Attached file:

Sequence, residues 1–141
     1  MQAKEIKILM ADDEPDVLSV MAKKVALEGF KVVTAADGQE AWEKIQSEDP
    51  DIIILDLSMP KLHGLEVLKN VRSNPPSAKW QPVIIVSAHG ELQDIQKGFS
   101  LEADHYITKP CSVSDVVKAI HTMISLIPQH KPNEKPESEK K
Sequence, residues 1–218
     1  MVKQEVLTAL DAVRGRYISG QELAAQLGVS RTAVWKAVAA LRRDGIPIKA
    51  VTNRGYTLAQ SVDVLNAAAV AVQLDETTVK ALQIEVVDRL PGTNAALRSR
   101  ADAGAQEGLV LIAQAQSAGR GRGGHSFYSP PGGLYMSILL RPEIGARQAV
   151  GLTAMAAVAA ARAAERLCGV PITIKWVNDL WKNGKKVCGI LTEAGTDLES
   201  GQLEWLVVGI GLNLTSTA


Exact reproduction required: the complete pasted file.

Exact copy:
Sequence, residues 1–141
     1  MQAKEIKILM ADDEPDVLSV MAKKVALEGF KVVTAADGQE AWEKIQSEDP
    51  DIIILDLSMP KLHGLEVLKN VRSNPPSAKW QPVIIVSAHG ELQDIQKGFS
   101  LEADHYITKP CSVSDVVKAI HTMISLIPQH KPNEKPESEK K
Sequence, residues 1–218
     1  MVKQEVLTAL DAVRGRYISG QELAAQLGVS RTAVWKAVAA LRRDGIPIKA
    51  VTNRGYTLAQ SVDVLNAAAV AVQLDETTVK ALQIEVVDRL PGTNAALRSR
   101  ADAGAQEGLV LIAQAQSAGR GRGGHSFYSP PGGLYMSILL RPEIGARQAV
   151  GLTAMAAVAA ARAAERLCGV PITIKWVNDL WKNGKKVCGI LTEAGTDLES
   201  GQLEWLVVGI GLNLTSTA